A Study of Aluminum X-Pinch Assembly Through X-Ray Absorption Spectroscopy

Adam Cahill, Cornell University

Photo of Adam Cahill

Previous studies of plasma pinches, such as x-pinches or hybrid pinches, have thoroughly characterized the radiating hot spot formed at the center of the plasma in terms of size, temperature, and density. However, much of the plasma volume surrounding the hot spot has remained relatively unstudied. While point projection imaging and interferometry can be used to probe the density of this surrounding plasma, these diagnostics cannot provide measurements of plasma temperature. Emission spectroscopy can reveal temperatures, but the intensity of the hot spot outshines the surrounding plasma, making spectral studies of nearby regions exceptionally challenging. We propose that a study of the surrounding plasma can be accomplished by means of absorption spectroscopy in spite of the high brightness of the x-pinch. Such an experiment has been designed for the XP pulser at Cornell University. The XP pulser, which is capable of delivering 500 kA of current in 100 ns, is used to drive an x-pinch as a source of continuum radiation. This radiation is dispersed by an astigmatic mica crystal before interacting with another x-pinch serving as the object plasma. The astigmatism of the crystal allows focusing to occur both at the sample location as well as at the detector for increased luminosity. To date, the experimental design for the study of plasma in an aluminum x-pinch has been completed. The object plasma under study will be Al 5056, an Al alloy containing 5 percent Mg. The H-like and He-like resonance and satellite lines in the spectrum from the Mg will be used as the basis for plasma diagnosis. The back lighting source will be tantalum due to its relatively flat continuum spectrum between the wavelengths of 8.2 and 9.5 angstroms. Preliminary results from this experiment will be presented.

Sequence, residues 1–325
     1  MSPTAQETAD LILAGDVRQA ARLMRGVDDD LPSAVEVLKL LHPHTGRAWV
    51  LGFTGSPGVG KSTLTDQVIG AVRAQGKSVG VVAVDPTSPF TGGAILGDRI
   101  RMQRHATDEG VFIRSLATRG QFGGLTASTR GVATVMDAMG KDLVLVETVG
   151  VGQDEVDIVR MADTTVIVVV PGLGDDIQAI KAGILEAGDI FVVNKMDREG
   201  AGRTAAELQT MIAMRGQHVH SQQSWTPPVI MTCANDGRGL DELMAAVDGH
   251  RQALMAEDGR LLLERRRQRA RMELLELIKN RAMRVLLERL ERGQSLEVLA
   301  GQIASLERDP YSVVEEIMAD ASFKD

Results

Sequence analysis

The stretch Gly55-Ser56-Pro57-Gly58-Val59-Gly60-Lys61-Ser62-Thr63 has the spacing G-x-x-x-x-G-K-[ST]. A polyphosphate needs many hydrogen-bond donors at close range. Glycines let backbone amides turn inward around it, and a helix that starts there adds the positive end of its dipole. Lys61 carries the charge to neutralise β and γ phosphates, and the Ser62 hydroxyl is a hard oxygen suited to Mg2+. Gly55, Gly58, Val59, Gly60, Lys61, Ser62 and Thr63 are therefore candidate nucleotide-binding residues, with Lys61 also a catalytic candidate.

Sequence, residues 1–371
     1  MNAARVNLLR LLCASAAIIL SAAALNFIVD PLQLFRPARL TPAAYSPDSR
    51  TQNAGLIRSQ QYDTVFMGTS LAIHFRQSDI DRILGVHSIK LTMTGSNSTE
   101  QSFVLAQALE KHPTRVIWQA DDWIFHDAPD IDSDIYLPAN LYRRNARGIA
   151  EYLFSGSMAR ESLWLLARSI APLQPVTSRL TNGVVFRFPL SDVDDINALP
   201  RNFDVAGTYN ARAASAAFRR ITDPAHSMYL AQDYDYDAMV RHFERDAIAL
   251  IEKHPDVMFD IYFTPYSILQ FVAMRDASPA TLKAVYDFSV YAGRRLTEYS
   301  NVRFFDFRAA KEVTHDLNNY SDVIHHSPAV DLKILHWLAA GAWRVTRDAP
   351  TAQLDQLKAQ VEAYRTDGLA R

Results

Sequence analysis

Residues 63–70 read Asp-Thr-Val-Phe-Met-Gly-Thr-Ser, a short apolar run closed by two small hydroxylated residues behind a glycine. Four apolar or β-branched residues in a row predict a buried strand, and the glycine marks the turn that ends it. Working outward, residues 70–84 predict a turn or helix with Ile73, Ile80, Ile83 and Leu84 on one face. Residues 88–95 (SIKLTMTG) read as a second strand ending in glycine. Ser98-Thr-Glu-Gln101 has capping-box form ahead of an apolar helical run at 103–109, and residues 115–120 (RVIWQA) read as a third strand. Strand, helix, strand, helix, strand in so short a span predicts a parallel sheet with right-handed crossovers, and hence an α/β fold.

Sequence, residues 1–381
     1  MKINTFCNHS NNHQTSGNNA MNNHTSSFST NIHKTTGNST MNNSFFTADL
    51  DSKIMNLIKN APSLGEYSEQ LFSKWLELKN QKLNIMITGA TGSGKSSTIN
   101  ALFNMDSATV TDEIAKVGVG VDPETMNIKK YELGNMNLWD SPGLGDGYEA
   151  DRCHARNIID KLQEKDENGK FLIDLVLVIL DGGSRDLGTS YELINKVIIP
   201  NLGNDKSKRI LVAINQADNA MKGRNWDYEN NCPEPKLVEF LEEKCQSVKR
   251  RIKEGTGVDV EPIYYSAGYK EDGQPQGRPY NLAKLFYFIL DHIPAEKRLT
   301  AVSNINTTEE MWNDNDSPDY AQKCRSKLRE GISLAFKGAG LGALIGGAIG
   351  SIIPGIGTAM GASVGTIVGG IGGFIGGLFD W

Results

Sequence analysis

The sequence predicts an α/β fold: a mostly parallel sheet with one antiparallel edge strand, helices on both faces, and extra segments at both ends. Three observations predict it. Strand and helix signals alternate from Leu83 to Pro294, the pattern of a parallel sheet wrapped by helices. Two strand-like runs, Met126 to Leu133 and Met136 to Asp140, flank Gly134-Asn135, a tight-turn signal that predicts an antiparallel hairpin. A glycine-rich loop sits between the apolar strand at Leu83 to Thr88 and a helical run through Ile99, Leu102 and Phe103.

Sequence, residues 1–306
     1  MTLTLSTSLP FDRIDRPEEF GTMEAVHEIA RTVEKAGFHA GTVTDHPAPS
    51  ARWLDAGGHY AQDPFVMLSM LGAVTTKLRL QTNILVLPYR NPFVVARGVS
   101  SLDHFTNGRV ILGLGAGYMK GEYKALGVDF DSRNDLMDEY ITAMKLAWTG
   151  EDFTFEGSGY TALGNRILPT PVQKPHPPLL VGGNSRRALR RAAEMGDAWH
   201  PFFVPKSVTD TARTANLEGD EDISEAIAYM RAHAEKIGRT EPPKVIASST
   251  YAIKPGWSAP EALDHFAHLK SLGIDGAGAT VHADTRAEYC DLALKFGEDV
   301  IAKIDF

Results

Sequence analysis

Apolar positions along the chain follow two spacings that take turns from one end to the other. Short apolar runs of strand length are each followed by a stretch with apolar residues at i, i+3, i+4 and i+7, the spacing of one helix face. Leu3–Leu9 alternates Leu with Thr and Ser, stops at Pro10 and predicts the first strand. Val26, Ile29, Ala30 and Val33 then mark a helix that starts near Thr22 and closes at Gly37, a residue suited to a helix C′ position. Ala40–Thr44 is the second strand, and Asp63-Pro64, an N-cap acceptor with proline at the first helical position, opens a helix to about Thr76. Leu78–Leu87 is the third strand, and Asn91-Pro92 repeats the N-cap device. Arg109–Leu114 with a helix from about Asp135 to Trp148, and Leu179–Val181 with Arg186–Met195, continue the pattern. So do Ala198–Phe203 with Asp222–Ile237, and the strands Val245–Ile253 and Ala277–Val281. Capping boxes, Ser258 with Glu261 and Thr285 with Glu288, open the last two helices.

Abstract Author(s): Adam D. Cahill, Cad L. Hoyt, Sergei A. Pikuz, Tania A. Shelkovenko, David A. Hammer